Some observations from the first two nights of Blue Scholars and Common Market's recent three-night stand at Neumos:

• Mass Line fans (all ages, predominantly young) were not really feeling the Truckasauras rap set opening Saturday night. Still, the Truck's experiment in hybridizing their old-school analog techno to 206 hiphop paid off toward the end. First with rousing guest spots from stoneriffic cartoon-rap crew They Live! who hit the stage in sweatshirts, beanies, and shades, looking like they were about to knock over a 7-Eleven (or at least purchase some jumbo Slurpees and assorted munchies), and proceeded to murder their weedy punch lines over the Truck's "Angels Sound Like Bottle Rockets." Finally, the set climaxed in a freestyle battle over the Truck's analog reversion of Boogie Down Productions' classic "The Bridge Is Over," with They Live! and Champagne Champagne MC Pearl again owning, the former working the chorus of their "Weed Murder" into the set and the latter dousing the crowd with bottled water and announcing, "Y'all need to wake the fuck up!"

• I overslept on Macklemore, seeing him perform for the first time only just last summer, but dude continues to win me over with his breathless high energy onstage, his intricate rhyme schemes, and his off-the-cuff freestyles. Even when his subjects veer toward the heavy-handed (extended metaphors about hiphop as religion, an antidrug PSA), he tackles them thoughtfully (the PSA, for instance, turns out to be less "just say no" rhetoric than a complex examination of hiphop's various glorified drug problems). Coolest part of his set: the live violin and trumpet players accompanying the backing beats spun by DJ Ohmega Watts. The weirdest part: the parodically right-wing, pro-America song skit in which a mullet-wigged, leather-jacket-clad Macklemore, rapping with a Bush-lite, faux-folksy Texas accent, delivered lines about "uhmerikuh" and "the terrorists" to great cheers.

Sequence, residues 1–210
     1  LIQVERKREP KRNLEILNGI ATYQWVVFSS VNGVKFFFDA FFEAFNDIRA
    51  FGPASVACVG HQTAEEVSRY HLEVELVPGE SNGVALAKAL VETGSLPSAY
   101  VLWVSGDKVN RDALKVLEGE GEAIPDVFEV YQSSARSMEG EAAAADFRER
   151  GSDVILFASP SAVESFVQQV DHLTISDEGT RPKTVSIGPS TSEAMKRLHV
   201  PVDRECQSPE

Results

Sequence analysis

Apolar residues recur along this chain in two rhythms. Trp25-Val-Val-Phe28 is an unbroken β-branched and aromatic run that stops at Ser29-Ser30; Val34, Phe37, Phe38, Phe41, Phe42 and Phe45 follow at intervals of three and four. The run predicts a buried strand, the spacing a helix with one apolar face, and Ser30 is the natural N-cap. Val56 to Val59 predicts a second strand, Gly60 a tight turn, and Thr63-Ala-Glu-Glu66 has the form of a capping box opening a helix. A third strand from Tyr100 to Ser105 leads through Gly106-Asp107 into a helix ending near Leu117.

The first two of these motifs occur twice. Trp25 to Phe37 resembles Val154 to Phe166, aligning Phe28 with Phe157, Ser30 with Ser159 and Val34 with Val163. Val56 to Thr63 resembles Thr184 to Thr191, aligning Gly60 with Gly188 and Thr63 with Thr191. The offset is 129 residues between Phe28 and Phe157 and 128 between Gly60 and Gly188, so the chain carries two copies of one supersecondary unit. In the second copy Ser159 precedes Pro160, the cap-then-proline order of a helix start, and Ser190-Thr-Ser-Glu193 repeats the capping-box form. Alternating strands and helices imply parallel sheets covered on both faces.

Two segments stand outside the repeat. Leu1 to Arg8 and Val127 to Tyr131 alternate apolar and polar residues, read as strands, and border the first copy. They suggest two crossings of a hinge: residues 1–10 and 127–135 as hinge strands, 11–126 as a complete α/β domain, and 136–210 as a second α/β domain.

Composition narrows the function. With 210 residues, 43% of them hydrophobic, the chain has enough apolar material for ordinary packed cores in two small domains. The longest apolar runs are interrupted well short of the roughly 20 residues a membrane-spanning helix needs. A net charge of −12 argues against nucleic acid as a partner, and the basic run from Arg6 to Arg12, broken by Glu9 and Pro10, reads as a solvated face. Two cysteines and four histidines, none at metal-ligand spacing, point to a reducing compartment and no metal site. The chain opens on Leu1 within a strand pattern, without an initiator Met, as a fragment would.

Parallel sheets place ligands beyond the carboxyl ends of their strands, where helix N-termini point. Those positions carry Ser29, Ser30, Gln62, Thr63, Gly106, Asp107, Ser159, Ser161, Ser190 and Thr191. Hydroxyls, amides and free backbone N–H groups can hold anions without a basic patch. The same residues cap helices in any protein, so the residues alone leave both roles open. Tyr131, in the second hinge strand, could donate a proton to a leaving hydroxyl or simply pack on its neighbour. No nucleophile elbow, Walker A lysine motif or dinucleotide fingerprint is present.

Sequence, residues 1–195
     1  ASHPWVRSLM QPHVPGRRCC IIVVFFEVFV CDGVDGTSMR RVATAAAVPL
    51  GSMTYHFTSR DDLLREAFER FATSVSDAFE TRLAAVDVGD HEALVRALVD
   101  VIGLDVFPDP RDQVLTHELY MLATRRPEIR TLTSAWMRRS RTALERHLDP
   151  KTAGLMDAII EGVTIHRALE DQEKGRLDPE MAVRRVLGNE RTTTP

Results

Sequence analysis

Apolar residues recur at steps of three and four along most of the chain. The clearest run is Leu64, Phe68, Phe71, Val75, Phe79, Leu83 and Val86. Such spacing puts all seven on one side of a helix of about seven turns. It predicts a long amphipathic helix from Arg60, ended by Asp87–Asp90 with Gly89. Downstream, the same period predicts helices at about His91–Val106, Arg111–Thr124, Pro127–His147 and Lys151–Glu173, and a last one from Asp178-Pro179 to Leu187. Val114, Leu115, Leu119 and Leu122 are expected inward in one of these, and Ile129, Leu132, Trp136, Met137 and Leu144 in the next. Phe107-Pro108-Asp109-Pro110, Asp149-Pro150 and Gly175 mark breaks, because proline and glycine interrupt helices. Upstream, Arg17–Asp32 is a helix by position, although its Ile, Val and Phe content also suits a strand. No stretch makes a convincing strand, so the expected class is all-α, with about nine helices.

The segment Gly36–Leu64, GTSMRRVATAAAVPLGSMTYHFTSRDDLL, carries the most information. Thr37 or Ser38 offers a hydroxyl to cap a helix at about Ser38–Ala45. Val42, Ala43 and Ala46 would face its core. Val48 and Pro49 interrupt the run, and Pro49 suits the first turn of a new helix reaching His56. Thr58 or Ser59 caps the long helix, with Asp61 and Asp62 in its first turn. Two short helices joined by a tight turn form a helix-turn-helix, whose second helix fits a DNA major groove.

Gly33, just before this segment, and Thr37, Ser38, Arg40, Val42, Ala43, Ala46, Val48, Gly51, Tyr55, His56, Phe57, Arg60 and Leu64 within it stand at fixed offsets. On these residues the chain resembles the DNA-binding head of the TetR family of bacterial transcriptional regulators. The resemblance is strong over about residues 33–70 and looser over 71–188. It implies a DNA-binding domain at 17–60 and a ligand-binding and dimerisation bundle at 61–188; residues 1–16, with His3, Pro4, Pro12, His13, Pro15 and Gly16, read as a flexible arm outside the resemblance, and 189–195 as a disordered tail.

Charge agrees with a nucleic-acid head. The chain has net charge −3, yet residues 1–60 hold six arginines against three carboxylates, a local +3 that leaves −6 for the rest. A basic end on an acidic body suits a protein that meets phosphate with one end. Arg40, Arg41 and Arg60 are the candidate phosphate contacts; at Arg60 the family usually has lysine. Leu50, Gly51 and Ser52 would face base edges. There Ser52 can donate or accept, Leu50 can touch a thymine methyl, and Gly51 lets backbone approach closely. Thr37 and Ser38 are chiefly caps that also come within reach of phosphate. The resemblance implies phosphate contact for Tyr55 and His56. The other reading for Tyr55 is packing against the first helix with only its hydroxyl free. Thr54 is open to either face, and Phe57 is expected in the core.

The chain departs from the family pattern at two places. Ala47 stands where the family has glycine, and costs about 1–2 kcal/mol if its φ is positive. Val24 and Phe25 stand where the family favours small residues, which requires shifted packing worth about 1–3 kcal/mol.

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• Is it weird that I like Common Market more in video form than I do in real life or on record? On-screen, RA Scion is a telegenic presence, his facial expressions bringing out some subtle humor in his raps that's too easy to miss when he's red-faced ranting around a stage. Hence, the best part of their Sunday night, for me at least, was when the duo debuted a new CM video shot on the streets of New York City, RA Scion rapping along in perfect time to his giant, on-screen double.

• It seems almost redundant to sing the praises of Blue Scholars at this point, seeing as how they've been the biggest thing in Seattle hiphop for a long minute now, but here goes anyway: Sabzi (who saved much of his energy and scratching prowess for the headlining spot) can produce a hell of a beat, and Geologic can command a crowd on the mic like the populist rabble-rouser he is. A long-familiar but still affecting highlight: Sabzi spinning the guitars of Modest Mouse's "Float On" to buoy the Scholars' anthem "The Inkwell." A new treat: Sabzi dropping some wobbly-ass, up-tempo club techno and Geologic running all over it in double time. recommended